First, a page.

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Interview: Sue Phillips on Al Jazeera International's First Year

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Weyman: When the channel set up you really wanted to be broadcast in America, but unfortunately didn’t find a provider to broadcast the channel there.  How much of a blow was that?

Phillips:  Not really, I mean we’re seen in so many other parts of the world and the U.S. is just another country.  It hasn’t changed anything for us.  In fact in lots of ways it has done us a favor because the Americans, by looking at the response on the website, people really want it in America.  They want to see this channel, so I think there’s quite a lobby out there to get Al Jazeera and I think the next few months we’ll probably succeed and get on a cable channel there, but for the time being people have to see it on broadband and that’s looking at that technology most people have access to now. 

Weyman: For a fairly new channel, it’s been a turbulent past month and there are reports that Wadah Khanfar has been edged out of the board.  There are suggestions among media commentators that in fact U.S. pressure is coming to bear on the Qatari emir and that those changes are having an effect in Al Jazeera. 

Phillips: Wadah Khanfar comes under the Al Jazeera network so it’s difficult for me to comment on that, but he still retains his role at the moment and in terms of, I’m not aware of U.S. pressure, I don’t think there’s ever any pressure on if you look at the history of Al Jazeera Arabic over the last eleven years, you know a very bold controversial channel, and I don’t think any pressure from anywhere has ever affected the Qatari government or the emir.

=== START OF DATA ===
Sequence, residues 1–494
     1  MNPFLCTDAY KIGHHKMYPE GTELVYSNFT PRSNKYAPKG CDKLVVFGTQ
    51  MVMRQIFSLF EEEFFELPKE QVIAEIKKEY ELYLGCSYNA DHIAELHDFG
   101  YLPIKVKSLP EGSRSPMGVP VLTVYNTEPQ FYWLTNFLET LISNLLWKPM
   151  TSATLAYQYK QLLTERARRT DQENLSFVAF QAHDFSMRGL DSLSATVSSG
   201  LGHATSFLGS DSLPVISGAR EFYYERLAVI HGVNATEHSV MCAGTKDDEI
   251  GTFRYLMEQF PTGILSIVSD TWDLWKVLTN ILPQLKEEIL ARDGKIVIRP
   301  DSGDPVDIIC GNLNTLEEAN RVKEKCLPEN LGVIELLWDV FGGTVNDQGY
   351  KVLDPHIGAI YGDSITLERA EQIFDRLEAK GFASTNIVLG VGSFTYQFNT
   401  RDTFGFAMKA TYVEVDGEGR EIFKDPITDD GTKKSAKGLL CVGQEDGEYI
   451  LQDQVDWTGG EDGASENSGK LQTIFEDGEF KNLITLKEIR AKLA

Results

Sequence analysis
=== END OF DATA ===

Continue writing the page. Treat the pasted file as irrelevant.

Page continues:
Weyman:  So you are accountable to the Qatari emir.  Does that impinge on your editorial independence? 

Phillips:  Not at all.  Not at all.  We have editorial boards that the emir or, anybody in the government, has never interfered with, they leave us to do our own business of journalism and we guide our own editorial. 

Weyman:  So what are the challenges for the future?  Can we expect new faces, new programming?

Phillips:  I think we’d like to open up some more bureaus, we’d like to cover even more of the world than we’re covering now, and we will certainly hire more people.  We’re expanding all the time which is great news, and so far, we seem to be getting it right, I’m happy to say. 

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